deserve and perhaps less violence from that.
But let me mention another thing. And that is
parents. We need moms and dads, helping to raise kids. Wherever possible the -
the benefit of having two parents in the home, and that's not always possible.
A lot of great single moms, single dads. But gosh to tell our kids that before
they have babies, they ought to think about getting married to someone, that's
a great idea.
Because if there's a two parent family, the
prospect of living in poverty goes down dramatically. The opportunities that the child will – will be
able to achieve increase dramatically. So we can make changes in the way
our culture works to help bring people away from violence and give them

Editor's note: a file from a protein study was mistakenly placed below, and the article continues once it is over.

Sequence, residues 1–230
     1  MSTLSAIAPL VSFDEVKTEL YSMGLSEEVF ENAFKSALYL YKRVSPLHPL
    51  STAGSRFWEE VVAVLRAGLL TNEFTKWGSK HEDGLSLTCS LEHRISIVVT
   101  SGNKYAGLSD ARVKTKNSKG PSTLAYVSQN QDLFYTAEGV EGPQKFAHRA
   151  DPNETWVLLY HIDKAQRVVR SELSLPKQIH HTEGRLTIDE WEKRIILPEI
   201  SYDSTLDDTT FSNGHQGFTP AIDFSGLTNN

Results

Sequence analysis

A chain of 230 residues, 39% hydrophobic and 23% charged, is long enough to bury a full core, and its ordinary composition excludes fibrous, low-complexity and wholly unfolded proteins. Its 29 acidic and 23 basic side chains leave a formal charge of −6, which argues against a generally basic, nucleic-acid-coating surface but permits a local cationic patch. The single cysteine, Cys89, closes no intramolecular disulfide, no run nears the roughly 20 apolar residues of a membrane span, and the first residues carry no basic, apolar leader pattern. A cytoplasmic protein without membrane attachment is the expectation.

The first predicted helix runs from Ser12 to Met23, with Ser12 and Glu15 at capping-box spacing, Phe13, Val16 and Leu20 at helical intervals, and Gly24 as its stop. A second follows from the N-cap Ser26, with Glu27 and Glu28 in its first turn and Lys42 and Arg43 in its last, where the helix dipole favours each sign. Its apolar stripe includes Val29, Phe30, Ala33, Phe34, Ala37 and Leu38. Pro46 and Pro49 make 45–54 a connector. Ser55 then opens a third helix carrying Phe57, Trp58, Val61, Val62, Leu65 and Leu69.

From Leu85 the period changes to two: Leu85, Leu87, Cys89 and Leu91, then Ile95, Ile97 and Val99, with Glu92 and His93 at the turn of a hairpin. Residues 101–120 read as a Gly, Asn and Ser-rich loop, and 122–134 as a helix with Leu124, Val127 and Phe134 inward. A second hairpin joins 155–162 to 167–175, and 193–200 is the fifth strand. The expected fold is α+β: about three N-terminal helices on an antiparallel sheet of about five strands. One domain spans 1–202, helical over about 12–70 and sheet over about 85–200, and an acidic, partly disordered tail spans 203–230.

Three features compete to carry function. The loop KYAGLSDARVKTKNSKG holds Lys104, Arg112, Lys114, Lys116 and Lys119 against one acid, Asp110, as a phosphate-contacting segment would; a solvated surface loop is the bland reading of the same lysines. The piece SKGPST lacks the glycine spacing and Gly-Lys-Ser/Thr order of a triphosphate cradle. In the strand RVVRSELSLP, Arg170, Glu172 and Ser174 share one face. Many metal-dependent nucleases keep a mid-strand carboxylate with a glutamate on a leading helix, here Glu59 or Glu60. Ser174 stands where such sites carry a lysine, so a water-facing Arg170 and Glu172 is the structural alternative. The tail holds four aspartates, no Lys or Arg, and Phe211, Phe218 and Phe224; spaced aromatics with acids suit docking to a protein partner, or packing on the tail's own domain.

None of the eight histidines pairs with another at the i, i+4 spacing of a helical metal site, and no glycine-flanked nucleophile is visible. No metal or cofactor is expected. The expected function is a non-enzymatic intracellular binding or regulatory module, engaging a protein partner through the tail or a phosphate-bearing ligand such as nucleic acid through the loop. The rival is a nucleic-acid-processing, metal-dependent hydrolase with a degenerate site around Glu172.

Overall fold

opportunity, and bring them in the American system. (My emphasis throughout.)
In fact, Romney said the word "poverty" five times in this debate, but certainly didn't advocate for the kinds of policies that would address the issue. Meanwhile, Obama talked about policy proposals that anti-poverty advocates support without ever mentioning the "P-word".
Obama frequently finds ways to advance anti-poverty
policy without ever saying the word. Why? It is very common for Americans to default to thinking about poverty and the
poor in terms of “non-work”, which can easily lead to resentment and an “us vs.
them” mindset. Of course many Americans work full-time and continue to be
poor, but that isn’t the image that immediately jumps to mind. President Obama seems particulary aware of the negative stereotype and combats it by framing
anti-poverty policies in terms of work, highlighting the fact that people in
poverty are workers – currently, recently, and soon to be again.